‘I Woulda Walked Out With A Drink And Chips In Hand Lmao’: Shopper Finds Credit Card Skimmer At 7-eleven



7-Eleven has made headlines in recent months after shoppers found credit card skimmers attached to their card readers. A “card skimmer” is a device that captures card information, which allows the card to be copied or used elsewhere without the owner’s consent.

In March, a TikToker went viral after exposing a card skimmer at a 7-Eleven location in McKinney, Texas. In June, another TikTok user shared a similar story, claiming that they found a card skimmer at a 7-Eleven in Springfield, Oregon. Others have reported card skimmers at 7-Eleven locations in Sweet Home, Ore., across California in places like Fresno, Daly City, Sunnyvale, and Oakland, Manchester, N.H., Baltimore, Md., and more.


Now, another 7-Eleven card skimming story has gone viral. In a video with over 39 million views, TikTok user Will (@willhunter908) says he discovered a card skimmer at a 7-Eleven location in Mill Valley, California.

“Just did it again,” he says in the video. “That’s fucking crazy.”


After Will and his friend remark upon the insanity of the situation, Will begins to walk out with the device.


“I’m going to take it. Thanks, though,” he says.

“You can’t do that,” the attendant responds.

This comment and the attendant’s demeanor have led some commenters to suspect that he had something to do with it.

“The look on his face says that it’s his,” wrote one user.

“The fact the guy said you can’t do that when you said your gonna take it, shows it’s his,” added another. “Call the cops.”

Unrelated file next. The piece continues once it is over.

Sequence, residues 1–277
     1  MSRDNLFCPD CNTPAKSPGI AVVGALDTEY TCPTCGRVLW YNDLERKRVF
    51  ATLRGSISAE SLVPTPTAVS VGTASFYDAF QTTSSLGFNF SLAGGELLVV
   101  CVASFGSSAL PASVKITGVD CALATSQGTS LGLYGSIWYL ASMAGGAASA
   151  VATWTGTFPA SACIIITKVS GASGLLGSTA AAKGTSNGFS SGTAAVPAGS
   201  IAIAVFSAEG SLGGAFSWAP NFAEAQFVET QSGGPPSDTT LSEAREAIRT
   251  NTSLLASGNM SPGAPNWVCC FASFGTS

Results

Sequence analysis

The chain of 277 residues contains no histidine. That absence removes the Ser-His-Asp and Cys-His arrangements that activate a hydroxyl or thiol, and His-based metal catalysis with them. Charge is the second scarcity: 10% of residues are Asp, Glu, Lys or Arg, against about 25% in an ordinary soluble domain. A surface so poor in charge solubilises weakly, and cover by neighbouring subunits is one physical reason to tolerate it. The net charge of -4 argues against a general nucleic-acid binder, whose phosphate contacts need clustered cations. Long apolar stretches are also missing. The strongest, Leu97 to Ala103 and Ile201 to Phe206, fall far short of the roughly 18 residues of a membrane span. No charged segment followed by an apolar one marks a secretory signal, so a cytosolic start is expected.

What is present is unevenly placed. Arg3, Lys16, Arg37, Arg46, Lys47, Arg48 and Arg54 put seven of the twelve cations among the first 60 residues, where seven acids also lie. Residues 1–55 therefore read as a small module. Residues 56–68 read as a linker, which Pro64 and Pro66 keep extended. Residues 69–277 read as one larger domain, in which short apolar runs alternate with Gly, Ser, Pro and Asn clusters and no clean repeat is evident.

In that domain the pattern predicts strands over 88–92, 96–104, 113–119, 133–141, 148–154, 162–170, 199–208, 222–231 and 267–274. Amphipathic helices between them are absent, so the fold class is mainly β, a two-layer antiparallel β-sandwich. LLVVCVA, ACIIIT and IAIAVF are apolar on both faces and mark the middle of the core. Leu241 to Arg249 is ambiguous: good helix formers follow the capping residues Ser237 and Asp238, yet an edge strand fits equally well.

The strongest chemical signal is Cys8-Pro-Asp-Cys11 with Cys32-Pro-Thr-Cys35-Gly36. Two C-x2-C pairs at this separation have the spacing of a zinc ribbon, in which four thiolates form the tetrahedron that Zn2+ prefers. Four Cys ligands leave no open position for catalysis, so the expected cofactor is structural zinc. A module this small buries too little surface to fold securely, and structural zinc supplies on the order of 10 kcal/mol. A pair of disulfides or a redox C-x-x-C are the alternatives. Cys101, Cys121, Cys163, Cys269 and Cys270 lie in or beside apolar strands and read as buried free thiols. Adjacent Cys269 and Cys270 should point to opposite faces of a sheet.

“‘You can’t take that’ lol you can’t take my card info either but here you are,” joked a third.

In another video, Will claims he found another skimmer at 7-Eleven, this time in San Rafael, California.


In a further follow-up, Will advises users on how to spot a credit card skimmer.


For this specific unit, he recommends looking at the sides to see if there is a faceplate. Other users in the comments suggested that one can simply tug on the face of the machine; if it comes off, it’s likely a skimmer.


Additional users advised using one’s phone to search for Bluetooth devices next to the skimmer, as many skimmers operate via Bluetooth (the skimmer will show up under a variety of names, they claim, but generally just a series of numbers).

Furthermore, many users state that paying by tapping the card makes it less likely for a skimmer to steal one’s information.

“The stripe transmits your info, chip and tap use single-use codes which change each time, making it virtually impossible to skim w them, a commenter shared.

“Basically use Apple Pay. It hides your real cc number and makes a temp number for that one transaction,” added a second.


Apple’s website explains that it does not provide machines with actual numbers. Rather, it uses “dynamic security codes” that function in the same way but do not allow the account to be compromised if the security code is discovered.

Local affiliate ABC7 claims that Will’s discovery was just one of several in the area.

“In the last six weeks, at least six agencies across the Bay Area have issued warnings about similar crimes,” author Amanda del Castillo writes.

In an email, a time 7-Eleven representative urged customers who may have been impacted by card skimmers to call their service line.

“7-Eleven takes allegations involving card skimmers very seriously,” they wrote. “7-Eleven inspects gas pumps and card readers regularly and cooperates closely with law enforcement regarding related investigations. Customers who believe they may be impacted should call 1-800-255-0711.”




Please don't forget to SHARE this with your friends and family.


Click here for Comments

0 commentaires :